A computer simulation shows the FASER instrument inside the large, underground tunnel at CERNs Large Hadron Collider in Geneva, Switzerland. Photo by FASER/CERN
March 6 (UPI) -- Officials at CERN have approved a new experiment designed to identify light and weakly interacting particles. The Forward Search Experiment, FRASER, will compliment CERN's ongoing search for dark matter.
"It is very exciting to have FASER approved for installation at CERN," Jamie Boyd, a spokesperson for the FASER experiment, said in an update. "It is amazing how the collaboration has come together so quickly and we are looking forward to recording our first data when the LHC starts up again in 2021."
For the experiment, scientists will assemble and install a new instrument inside the Large Hadron Collider at CERN, the European Council for Nuclear Research. It is the largest and most powerful particle collider in the world.
The project was initiated by a team of physicists at the University of California, Irvine.
"Seven years ago, scientists discovered the Higgs boson at the Large Hadron Collider, completing one chapter in our search for the fundamental building blocks of the universe, but now we are looking for new particles," Jonathan Feng, UCI professor of physics and astronomy, said in a news release. "The dark matter problem shows that we don't know what most of the universe is made of, so we're sure new particles are out there."
Feng and his colleagues at UCI will collaborate with scientists from Europe, China and Japan, as well with physicists from other universities in the United States. In total, the new dark matter experiment will involve the efforts of 30 to 40 researchers.
The FASER instrument is a small device that will be placed near the collider's massive underground tunnel, a 16-mile loop. The device will be positioned near the ATLAS instrument, which produces subatomic particles as protons pass through.
Scientists hope that the ATLAS instrument will create new exotic particles that can be measured by the FASER instrument as they decay.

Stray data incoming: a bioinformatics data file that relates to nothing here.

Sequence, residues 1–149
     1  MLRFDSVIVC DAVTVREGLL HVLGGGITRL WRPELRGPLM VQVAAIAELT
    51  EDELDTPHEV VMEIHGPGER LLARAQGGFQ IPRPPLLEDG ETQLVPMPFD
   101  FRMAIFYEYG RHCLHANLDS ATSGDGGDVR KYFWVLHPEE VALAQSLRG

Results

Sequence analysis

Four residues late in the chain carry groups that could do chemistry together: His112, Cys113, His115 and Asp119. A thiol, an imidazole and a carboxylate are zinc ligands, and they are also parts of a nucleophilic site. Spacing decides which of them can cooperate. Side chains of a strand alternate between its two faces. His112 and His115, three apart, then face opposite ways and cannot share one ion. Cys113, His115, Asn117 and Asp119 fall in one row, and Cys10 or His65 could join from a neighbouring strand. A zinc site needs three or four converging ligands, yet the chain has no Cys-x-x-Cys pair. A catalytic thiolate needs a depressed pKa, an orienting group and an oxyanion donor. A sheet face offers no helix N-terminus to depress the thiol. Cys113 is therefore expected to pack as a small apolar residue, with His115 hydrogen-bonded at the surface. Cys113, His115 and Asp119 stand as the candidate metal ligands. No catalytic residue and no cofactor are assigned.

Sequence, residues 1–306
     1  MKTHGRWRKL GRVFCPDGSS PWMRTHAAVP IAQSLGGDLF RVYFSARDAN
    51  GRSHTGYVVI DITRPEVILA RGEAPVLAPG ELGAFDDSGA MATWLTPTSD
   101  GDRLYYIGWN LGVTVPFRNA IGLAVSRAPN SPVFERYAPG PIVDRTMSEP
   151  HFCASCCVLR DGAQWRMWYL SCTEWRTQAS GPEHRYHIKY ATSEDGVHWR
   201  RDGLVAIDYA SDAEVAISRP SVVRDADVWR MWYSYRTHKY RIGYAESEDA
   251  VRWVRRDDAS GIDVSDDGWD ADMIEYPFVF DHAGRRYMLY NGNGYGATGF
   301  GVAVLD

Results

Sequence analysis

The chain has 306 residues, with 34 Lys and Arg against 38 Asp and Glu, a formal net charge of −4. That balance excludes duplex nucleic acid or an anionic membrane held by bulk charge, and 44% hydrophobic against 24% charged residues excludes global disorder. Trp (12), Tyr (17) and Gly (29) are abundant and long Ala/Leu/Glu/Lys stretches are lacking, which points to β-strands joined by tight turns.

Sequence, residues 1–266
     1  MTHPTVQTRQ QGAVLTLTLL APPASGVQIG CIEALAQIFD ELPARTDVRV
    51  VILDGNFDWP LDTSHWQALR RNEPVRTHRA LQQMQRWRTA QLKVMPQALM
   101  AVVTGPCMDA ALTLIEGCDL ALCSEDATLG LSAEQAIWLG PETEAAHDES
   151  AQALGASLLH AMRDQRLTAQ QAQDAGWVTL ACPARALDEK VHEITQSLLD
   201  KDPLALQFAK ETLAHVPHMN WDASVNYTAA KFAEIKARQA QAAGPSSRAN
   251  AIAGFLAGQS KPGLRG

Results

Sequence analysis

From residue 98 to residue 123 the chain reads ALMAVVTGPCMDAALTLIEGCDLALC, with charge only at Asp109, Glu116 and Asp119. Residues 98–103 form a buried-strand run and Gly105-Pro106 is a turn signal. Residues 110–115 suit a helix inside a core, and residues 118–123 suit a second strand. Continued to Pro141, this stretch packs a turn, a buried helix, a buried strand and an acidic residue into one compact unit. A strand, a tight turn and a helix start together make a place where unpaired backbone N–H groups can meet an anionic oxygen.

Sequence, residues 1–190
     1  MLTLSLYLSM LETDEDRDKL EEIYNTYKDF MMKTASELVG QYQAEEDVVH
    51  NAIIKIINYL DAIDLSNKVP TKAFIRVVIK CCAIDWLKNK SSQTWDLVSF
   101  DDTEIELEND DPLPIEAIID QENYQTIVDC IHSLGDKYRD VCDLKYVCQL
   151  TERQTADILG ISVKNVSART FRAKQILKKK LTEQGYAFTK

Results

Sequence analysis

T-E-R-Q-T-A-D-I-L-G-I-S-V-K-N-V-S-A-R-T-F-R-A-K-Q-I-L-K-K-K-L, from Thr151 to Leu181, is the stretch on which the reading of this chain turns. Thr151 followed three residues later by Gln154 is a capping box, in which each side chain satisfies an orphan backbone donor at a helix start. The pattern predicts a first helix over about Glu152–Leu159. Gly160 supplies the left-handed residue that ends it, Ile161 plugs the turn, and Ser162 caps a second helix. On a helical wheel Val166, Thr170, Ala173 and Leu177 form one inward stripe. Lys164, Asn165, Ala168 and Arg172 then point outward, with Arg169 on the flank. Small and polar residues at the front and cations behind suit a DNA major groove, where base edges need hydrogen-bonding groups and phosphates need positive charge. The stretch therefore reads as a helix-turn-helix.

"One of the advantages of our design is that we've been able to borrow many of the components of FASER -- silicon detectors, calorimeters and electronics -- from the ATLAS and LHCb collaborations," Boyd said. "That's allowing us to assemble an instrument that costs almost hundreds of times less than the largest experiments at the LHC."
Every time LHC and ATLAS conduct particle collision experiments in 2021 and 2023, the FASER instrument will be collecting data that could reveal the presence of "dark photons," particles associated with dark matter, neutralinos and other exotic particles.
The FASER instrument will be one of eight instruments currently looking for undiscovered particles in the collider. In effort to find exotic particles associated with dark matter, CERN has worked to incorporate new technologies as part of the Physics Beyond Collider study.
"This novel experiment helps diversify the physics program of colliders such as the LHC, and allows us to address unanswered questions in particle physics from a different perspective," said Mike Lamont, co-coordinator of the PBC study group.
The collider's main detectors aren't designed to identify light and weakly interacting particles. Exotic particles produced by ATLAS could go undetected, traveling through the tunnel for hundred of feet, parallel to the main beam line, before turning back into more common particles.